U.S. soldiers serving in the Middle East and Afghanistan may be at risk for lung damage from exposure to dust there, a new study suggests.
Researchers analyzed the composition, mineral content, and bacteria, fungi and virus levels in dust samples collected from Iraq and Afghanistan, and they measured the amount of dust exposure experienced by troops.
The investigators concluded that dust exposure levels and the dangerous microbes and metal content in the dust pose a significant health risk to U.S. troops.
“Dust and sandstorms are persistent problems in Middle Eastern regions because the environmental conditions–extreme temperatures, very low humidity and exertion–create the need for individuals to breathe through their mouth, thus bypassing the nasal pharynx and pulling particles deep into the lungs,” wrote study author Mark Lyles, of the U.S. Naval War College.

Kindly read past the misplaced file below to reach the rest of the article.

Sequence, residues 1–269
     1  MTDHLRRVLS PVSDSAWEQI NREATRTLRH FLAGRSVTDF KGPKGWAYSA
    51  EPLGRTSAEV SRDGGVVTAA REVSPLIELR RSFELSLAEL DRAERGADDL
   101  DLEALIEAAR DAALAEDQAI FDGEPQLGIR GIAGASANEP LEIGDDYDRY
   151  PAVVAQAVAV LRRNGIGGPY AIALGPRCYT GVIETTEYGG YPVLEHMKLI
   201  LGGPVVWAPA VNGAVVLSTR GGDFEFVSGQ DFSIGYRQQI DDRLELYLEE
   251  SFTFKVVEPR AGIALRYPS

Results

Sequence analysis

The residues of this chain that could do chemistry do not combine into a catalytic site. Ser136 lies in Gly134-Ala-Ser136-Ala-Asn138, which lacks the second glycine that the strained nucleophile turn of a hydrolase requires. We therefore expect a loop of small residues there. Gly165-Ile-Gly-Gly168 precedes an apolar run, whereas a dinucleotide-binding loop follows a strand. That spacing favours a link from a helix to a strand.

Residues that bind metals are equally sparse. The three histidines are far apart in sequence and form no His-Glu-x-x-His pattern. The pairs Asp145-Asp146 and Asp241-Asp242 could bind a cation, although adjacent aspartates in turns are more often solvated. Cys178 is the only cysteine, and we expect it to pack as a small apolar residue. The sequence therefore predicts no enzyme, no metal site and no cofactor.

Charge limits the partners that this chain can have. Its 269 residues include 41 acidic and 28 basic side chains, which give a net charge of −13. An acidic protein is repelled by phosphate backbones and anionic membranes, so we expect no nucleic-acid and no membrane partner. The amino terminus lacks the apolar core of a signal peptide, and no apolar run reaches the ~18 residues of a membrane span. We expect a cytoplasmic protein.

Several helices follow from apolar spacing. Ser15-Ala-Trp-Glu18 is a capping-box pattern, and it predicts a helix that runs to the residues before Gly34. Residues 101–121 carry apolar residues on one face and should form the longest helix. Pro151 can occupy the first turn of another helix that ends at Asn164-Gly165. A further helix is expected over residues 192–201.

“The acute effects of such exposure would cause shortness of breath and pulmonary inflammation, whereas chronic exposure could cause scarring and other long-term respiratory problems,” Lyles concluded.
The findings were to be presented Saturday at the American Academy of Allergy, Asthma & Immunology annual meeting in Houston.
Research presented at medical meetings should be viewed as preliminary until published in a peer-reviewed journal.